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The Wonderful 101's PC port is janky, but at least the weird cult classic is preserved

(Image credit: PlatinumGames)

The original Wonderful 101 released exclusively on the Nintendo Wii U—the low-selling link between the Wii and the Switch—which limited its audience. But even on the Wii U, the oddball brawler really only appealed to diehard PlatinumGames fans and people who were about to become diehard PlatinumGames fans. It's vaguely Pikmin-like, but with complex, zoomed-out combat and unmitigated Hideki Kamiya weirdness. One look at the tiny characters, ultra-shiny trousers, and bizarrely-proportioned school bus in the first mission and you could tell that this was going to be a niche game regardless of platform.

After playing around an hour of The Wonderful 101: Remastered, which released on Steam today, I suspect it takes a while to click—in between bouts of confusion, I'm just starting to sense how I might form praise for it. Unfortunately, even if you already love The Wonderful 101, you may find the remaster frustrating. It's not a great PC port. 

It runs fine for me, at least, and looks how you'd expect a Wii U game to look at 1440p—crisp, but dated. It's locked to 60 fps, which is too bad, but expected for an aging console game. The small number of graphics options is essentially the bare minimum of what we expect: Three quality settings, V-sync, a resolution selector, and fullscreen, windowed, and borderless modes. There's also an "HDR" toggle but it isn't for HDR monitors. It's just high dynamic range lighting within the game, much like Valve added to Half-Life 2 in 2005.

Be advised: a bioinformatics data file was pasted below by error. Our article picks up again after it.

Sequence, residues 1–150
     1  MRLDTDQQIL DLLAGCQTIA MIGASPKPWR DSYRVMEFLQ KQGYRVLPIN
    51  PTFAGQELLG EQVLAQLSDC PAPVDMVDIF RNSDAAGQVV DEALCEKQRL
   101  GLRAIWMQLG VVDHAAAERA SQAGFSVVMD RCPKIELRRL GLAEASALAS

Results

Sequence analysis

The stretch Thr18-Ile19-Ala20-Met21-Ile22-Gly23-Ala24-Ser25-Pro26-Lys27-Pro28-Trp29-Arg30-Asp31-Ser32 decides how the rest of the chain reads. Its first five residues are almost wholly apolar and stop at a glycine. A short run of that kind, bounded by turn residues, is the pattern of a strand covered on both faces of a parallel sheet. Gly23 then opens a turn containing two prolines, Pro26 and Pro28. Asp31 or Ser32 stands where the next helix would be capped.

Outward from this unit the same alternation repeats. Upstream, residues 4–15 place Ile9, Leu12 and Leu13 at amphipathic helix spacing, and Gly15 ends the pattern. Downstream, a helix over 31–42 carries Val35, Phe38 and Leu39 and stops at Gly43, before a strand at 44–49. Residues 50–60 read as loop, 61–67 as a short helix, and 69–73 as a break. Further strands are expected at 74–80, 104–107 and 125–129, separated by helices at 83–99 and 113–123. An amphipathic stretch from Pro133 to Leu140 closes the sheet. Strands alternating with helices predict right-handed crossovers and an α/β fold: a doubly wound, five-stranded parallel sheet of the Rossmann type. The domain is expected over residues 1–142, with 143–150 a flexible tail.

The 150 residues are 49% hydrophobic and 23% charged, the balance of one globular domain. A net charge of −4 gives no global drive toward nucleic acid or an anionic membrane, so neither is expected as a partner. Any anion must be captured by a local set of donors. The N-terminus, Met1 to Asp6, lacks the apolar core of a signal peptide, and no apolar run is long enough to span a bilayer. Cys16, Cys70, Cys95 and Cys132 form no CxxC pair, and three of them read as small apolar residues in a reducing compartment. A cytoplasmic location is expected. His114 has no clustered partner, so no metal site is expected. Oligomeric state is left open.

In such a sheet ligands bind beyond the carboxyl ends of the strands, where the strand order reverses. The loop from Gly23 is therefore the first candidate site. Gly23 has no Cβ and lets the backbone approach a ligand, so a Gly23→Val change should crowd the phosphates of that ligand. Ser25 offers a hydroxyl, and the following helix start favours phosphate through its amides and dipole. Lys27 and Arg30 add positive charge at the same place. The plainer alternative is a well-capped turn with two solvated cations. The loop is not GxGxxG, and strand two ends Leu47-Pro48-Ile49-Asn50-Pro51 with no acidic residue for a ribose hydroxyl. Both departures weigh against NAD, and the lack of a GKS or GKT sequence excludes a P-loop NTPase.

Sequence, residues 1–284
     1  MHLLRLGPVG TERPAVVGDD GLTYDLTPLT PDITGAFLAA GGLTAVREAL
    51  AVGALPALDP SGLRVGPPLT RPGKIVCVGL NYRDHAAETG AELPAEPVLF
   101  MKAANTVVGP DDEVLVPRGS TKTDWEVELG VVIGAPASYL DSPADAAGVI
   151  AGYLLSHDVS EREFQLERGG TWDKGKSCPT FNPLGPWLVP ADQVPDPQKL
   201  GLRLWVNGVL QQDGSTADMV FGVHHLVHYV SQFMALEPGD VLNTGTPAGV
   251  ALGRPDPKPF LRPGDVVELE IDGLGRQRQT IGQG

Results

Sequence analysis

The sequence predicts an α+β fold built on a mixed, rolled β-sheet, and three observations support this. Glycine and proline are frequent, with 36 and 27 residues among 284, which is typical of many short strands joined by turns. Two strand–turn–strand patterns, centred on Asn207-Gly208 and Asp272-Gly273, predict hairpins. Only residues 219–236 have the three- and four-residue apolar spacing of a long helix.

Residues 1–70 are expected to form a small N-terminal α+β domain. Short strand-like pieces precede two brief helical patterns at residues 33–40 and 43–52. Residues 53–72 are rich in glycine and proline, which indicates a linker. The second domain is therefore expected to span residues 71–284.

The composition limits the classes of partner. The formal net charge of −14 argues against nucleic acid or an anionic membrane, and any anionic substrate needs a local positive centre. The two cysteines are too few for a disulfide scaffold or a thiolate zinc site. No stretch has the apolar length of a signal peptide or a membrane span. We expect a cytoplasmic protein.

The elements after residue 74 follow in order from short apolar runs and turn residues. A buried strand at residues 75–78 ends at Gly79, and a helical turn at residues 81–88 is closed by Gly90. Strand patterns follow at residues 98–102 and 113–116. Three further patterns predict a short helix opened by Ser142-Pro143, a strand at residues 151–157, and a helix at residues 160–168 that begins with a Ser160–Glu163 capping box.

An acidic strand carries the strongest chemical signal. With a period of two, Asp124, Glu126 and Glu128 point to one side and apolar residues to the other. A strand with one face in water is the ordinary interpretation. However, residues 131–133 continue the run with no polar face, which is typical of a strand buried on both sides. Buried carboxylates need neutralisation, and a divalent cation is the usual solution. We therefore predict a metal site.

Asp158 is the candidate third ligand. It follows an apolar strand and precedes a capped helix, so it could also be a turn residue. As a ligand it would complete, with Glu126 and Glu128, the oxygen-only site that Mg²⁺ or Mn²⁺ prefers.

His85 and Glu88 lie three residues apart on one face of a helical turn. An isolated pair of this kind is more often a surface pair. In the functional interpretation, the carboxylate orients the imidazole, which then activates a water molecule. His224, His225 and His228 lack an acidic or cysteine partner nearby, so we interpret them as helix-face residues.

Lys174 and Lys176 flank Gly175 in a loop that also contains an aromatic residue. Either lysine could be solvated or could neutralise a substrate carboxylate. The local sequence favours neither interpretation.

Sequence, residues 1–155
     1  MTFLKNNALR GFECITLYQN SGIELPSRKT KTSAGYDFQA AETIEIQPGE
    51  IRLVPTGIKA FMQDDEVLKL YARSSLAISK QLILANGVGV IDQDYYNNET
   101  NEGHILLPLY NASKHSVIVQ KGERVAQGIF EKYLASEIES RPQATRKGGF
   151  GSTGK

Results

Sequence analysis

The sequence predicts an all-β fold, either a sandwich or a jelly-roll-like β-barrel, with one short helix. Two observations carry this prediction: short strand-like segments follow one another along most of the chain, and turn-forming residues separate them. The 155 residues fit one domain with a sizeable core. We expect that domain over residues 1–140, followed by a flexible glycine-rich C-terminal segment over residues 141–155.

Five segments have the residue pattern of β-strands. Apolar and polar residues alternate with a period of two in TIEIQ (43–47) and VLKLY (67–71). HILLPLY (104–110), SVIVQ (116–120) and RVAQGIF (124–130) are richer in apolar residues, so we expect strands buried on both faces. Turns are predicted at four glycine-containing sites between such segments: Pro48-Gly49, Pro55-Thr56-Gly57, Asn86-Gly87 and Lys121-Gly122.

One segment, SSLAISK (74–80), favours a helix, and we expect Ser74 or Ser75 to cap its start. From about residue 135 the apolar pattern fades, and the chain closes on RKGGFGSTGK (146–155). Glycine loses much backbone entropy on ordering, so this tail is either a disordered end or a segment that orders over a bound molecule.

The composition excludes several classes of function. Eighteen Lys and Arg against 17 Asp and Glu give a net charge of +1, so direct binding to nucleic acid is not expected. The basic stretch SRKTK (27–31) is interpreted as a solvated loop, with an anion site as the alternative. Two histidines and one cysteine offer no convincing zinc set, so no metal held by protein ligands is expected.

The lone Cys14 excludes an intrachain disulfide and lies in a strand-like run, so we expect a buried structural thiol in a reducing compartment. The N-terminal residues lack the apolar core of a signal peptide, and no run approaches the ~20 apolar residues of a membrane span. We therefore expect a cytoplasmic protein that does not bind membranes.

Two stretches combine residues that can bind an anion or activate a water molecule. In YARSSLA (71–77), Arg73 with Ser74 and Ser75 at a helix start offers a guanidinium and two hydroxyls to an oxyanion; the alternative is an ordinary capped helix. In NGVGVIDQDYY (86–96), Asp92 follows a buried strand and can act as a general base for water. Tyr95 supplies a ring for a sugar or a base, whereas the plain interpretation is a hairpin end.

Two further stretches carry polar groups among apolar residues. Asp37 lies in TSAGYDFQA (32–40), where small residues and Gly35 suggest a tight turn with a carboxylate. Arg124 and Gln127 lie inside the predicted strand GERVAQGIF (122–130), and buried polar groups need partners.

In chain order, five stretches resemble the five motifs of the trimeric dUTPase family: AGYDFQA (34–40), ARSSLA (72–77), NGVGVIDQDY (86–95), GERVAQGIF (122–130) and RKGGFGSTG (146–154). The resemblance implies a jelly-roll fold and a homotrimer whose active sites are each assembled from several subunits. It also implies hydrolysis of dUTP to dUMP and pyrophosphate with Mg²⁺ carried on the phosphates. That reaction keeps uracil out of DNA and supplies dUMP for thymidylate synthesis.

(Image credit: PlatinumGames)

In The Wonderful 101 on PC, it's the controls and menus that have been the real annoyances for me. 

The control prompts default to mouse and keyboard and don't automatically change if you start using a controller, so you'll have to change that manually. And if you have a controller plugged in but are using the mouse and keyboard controls, it'll vibrate anyway, so you'll have to turn that off or unplug it. Not a great start when most games these days have no problem automatically detecting which input device is being used.

Playing The Wonderful 101 with a controller is mostly fine, but at certain points you have to draw circles with the analog stick, and it's extremely awkward and difficult (this could be done with a stylus in the Wii U version). The mouse is better for drawing shapes when required, but not as good a control scheme for anything else, so there really isn't a best way to play.

Also, when using the mouse I had to turn off my second monitor, because the window doesn't trap the mouse even in fullscreen mode, so I kept clicking outside of it, causing it to minimize.

It looks better than it did on the Wii U, but the graphics haven't been overhauled. (Image credit: PlatinumGames)

On that topic, the Escape key switches from fullscreen mode to windowed mode instead of opening the menu (which is opened with R for some reason), so look forward to accidentally doing that a few times before you train yourself out of it.

The menus in general are just atrocious. Some things can be clicked, while others have to be navigated with Q and R, WASD, Enter, or Backspace (and remember not to accidentally hit Escape or it's windowed mode for you). I feel like I'm solving a puzzle every time I need to switch from windowed back to fullscreen, or navigate the shop between missions. 

If The Wonderful 101 is special to you, this may all be completely tolerable—after all, you aren't meant to spend all your time futzing with the menus. But for those trying to understand and appreciate a game that's notoriously hard to get into, all the little annoyances in the PC remaster won't make it easier.

That's too bad, but at least the issues aren't related to performance. As a short-term preservation effort, it does what it needs to do. It runs, so PlatinumGames fans now have a way to experience this weird moment in the developer's history even if they don't own the least popular console of the last two decades.

The Wonderful 101 Remastered is $40 on Steam.

Tyler has spent over 1,000 hours playing Rocket League, and slightly fewer nitpicking the PC Gamer style guide. His primary news beat is game stores: Steam, Epic, and whatever launcher squeezes into our taskbars next.